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Cholera scare sends jitters across Zim

Local News
A young boy drinks water from a borehole


HEALTH experts yesterday warned authorities to urgently deal with factors that have led to fresh cholera outbreaks in the country.

This comes after two cholera cases were last week recorded in Chegutu, 100 kilometres west of Harare, triggering fears that the waterborne disease might spread to the capital and other parts of the country if not curbed.

Neighbouring countries such as Malawi and Mozambique have already recorded cholera outbreaks.

Currently, many urban areas that include Harare, Chitungwiza and Gweru have been experiencing water and waste disposal challenges, forcing residents to rely on unsafe alternatives. Heavy rains currently falling in most towns have increased chances of waterborne disease outbreaks.

Key cholera symptoms include diarrhoea and dehydration, while shock and seizures may occur in severe cases.

Speaking to Newsday yesterday, a Chegutu council official who refused to be named said the current cholera cases in the town emanated from a Chinese-owned company, where five employees were complaining of similar symptoms after consuming fish bought from a street vendor.

This resulted in health officials running tests that confirmed the two cases.

“No deaths or new cases have been recorded so far,” the official said.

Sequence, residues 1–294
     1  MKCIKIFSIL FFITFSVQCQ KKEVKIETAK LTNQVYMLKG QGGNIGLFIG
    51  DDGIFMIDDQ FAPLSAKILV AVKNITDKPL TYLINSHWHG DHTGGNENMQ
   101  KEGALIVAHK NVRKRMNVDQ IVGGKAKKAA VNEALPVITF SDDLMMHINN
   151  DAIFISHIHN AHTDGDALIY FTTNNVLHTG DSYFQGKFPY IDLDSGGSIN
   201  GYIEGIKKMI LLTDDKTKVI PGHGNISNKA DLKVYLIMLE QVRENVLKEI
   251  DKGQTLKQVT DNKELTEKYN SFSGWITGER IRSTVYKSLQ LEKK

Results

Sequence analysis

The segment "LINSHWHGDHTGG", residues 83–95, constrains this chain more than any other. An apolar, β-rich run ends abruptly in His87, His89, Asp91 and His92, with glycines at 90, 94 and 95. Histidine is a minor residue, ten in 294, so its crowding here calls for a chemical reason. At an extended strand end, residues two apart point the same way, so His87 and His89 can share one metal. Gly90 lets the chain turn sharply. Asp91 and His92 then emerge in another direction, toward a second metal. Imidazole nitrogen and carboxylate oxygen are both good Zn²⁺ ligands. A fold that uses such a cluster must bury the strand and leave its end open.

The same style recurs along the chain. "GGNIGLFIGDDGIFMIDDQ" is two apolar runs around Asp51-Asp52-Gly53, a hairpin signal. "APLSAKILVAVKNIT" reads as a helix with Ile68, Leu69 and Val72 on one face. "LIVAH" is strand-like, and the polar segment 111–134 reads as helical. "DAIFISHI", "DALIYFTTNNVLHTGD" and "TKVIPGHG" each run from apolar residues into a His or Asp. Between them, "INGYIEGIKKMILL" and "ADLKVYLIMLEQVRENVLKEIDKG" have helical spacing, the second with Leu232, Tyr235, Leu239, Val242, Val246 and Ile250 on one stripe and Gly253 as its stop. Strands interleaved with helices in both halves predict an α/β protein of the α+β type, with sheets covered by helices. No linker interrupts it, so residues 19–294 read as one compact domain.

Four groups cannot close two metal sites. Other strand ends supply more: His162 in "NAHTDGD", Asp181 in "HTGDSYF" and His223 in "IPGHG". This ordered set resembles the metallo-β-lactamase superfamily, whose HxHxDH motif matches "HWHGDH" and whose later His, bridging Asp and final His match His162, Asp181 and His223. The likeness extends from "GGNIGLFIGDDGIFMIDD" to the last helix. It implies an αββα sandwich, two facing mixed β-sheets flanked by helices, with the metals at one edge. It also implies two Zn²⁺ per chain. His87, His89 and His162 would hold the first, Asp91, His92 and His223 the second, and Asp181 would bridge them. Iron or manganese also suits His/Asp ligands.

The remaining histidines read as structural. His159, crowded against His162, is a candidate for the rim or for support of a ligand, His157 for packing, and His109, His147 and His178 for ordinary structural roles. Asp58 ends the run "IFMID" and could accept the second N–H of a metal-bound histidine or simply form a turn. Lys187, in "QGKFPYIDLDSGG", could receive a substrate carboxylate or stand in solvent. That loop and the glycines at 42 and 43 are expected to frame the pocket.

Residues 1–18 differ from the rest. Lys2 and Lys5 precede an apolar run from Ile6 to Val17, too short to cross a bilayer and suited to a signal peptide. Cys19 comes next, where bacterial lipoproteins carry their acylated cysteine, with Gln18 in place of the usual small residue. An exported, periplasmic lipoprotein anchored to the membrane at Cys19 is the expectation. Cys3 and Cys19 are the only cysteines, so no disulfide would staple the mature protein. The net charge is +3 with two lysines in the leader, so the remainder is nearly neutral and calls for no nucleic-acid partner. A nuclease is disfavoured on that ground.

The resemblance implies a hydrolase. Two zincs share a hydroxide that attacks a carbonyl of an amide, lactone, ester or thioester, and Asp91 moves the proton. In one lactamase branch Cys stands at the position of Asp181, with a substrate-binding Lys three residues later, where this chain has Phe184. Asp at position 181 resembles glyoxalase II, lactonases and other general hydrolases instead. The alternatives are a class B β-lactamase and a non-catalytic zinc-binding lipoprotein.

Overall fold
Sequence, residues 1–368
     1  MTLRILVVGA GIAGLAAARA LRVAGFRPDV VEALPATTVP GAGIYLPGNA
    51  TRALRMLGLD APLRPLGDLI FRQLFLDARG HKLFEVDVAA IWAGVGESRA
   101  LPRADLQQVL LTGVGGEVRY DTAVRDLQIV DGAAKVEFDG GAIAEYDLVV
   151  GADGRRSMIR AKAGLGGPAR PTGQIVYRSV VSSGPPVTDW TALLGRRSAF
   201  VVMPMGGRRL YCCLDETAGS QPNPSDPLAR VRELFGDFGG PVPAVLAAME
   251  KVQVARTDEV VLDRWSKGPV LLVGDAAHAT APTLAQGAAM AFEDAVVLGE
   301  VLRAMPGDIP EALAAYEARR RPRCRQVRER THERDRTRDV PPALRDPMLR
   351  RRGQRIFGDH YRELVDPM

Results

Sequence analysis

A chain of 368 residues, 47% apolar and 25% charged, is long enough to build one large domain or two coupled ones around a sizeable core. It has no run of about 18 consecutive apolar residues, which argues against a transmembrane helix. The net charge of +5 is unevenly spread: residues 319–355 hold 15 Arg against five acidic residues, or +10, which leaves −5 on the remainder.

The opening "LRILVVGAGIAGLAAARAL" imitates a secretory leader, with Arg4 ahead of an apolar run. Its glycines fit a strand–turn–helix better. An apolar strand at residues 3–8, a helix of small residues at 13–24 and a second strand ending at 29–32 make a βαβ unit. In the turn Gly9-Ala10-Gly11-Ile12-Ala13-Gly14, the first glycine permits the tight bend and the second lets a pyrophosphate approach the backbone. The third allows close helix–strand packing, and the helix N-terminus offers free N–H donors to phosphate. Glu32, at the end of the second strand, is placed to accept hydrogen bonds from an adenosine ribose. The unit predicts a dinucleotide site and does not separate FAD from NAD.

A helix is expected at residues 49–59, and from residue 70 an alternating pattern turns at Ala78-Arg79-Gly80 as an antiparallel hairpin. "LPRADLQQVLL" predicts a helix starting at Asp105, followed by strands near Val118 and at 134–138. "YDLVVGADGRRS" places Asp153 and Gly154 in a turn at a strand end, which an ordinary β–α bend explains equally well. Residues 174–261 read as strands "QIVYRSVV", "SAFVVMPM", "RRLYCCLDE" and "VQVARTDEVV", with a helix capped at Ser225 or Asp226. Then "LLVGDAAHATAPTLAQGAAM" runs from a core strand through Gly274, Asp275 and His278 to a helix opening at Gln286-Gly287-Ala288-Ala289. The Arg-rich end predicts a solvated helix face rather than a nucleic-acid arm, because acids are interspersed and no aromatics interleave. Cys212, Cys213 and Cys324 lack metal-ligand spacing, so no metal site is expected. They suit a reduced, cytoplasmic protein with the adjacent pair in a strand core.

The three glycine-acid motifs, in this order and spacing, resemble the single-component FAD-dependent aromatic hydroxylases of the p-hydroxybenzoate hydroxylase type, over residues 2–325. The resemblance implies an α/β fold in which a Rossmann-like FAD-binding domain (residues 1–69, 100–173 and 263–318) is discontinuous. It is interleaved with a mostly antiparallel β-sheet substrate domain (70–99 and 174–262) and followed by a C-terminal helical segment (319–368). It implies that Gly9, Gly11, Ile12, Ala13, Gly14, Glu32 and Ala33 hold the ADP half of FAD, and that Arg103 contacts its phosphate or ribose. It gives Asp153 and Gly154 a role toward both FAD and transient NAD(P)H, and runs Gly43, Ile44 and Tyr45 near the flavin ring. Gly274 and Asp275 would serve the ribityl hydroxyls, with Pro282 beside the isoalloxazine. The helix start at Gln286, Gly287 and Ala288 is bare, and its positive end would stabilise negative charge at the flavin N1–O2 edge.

In a communique, Health and Child Care ministry director for epidemiology and disease control Rudo Chikodzere urged members of the public to exercise caution to avoid cholera transmission.

“For prevention of cholera, people are advised to make sure they drink and use safe water and boil it at all times. Practise hygiene at all times including washing hands before eating, after visiting the toilet and desist from eating unhygienic-prepared food. Use proper latrines or other sanitation systems and cook food well, and keep it covered and eat it hot,” she said.

Community Working Group on Health executive director Itai Rusike warned that lack of clean water and unsafe disposal of waste will lead to more cholera cases. He said urban communities have gone for weeks or months without water, leaving them vulnerable to waterborne diseases.

“The country should seriously consider the cholera vaccination roll-out programme, especially to the hot-spot areas that are struggling to provide water and sanitation services. The cholera vaccine should remain a complementary measure, and not a replacement to water, sanitation and hygiene interventions,” Rusike said.

He added that in its cholera response, government should focus on education, information dissemination and awareness campaigns in communities.

President of the Medical and Dental Private Practitioners of Zimbabwe Association, Johannes Marisa said: “In terms of water and sanitation we remain with very big challenges. There is contamination of water sources as a result of poor sewer systems. There is massive pollution and this becomes a topical issue in cholera management. Our preparedness will depend on the availability of pure water.”

Medical practitioner Hamadziripi Dube said poor service delivery in cities would result in the spread of cholera.

The Zimbabwe Association of Doctors for Human Rights tweeted: “We have consistently made calls to the government to improve water and sewer infrastructure in the country so as to avoid outbreaks of waterborne diseases. Government must also support the healthcare sector so that every citizen enjoys the right to quality healthcare.”

Zimbabwe has experienced several cholera outbreaks, with the 2008 to 2009 pandemic recording 100 000 cases and over 4 000 deaths. In 2018-19, at least 10 000 cases and 69 deaths were recorded across 21 holera hotspot districts, with Harare being among the worst affected.

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